: „I rozpięła na szpilce jak motyla...”. Żydówki-rewolucjonistki w polskiej prozie antysemickiej w pierwszej połowie XX wieku

Małgorzata Domagalska


“And She Stretched Him on a Pin Like a Butterfly...”: Revolutionary Jewish Women in Polish Antisemitic Prose of the First Half of the Twentieth Century 

After the revolution of 1905, revolutionary Jewish women began to appear among the heroines typical of the antisemitic novels of the nineteenth century. This type of female protagonist can be found in the novels written by Józef Weyssenhoff (Hetmani [The Hetmans]), Rev. Jan Gnatowski (Zły czar [Bad Spell]), and then in the 1930s in the novels by Roman Dmowski (Dziedzictwo [The Heritage]) and Jędrzej Giertych (Zamach [The Coup]). In these narratives, Poland is presented as a victim of manipulation by Jews, Germans, and in the case of the Bad Spell by Jewish Bolsheviks. In these stories, female Jewish revolutionaries implement their secret policies using their strong erotic influence to seduce Polish activists. Demonism and evil, as well as the misogynistic attitude of the fin de siècle era were employed to create their portraits. In these female protagonists, one can detect echoes of typical features associated with such Jewish heroines as Salome, Judith, and Herodias whose portraits were typical of the art and literature of the epoch.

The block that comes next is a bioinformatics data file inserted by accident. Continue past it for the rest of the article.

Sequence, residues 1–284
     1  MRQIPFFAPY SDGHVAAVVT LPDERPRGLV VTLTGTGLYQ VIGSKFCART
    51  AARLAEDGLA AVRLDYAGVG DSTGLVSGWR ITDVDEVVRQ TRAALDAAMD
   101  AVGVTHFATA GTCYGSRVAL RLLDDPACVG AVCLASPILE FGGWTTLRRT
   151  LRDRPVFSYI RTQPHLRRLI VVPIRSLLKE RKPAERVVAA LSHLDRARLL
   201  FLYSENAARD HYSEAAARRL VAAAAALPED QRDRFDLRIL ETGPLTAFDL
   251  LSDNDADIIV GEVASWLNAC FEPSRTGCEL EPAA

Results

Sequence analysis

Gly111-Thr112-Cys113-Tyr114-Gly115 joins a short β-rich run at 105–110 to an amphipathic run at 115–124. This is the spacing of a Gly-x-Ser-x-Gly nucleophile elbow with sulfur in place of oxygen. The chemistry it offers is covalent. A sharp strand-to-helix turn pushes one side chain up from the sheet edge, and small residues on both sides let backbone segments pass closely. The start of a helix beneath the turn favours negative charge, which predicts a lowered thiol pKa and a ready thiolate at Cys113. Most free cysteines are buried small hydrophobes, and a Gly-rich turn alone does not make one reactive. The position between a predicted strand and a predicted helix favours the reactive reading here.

Słowa kluczowe: Żydówki rewolucjonistki, antysemityzm, powieść popularna, spiskowa teoria dziejów, revolutionary Jewish women, antisemitism, popular novel, conspiracy theory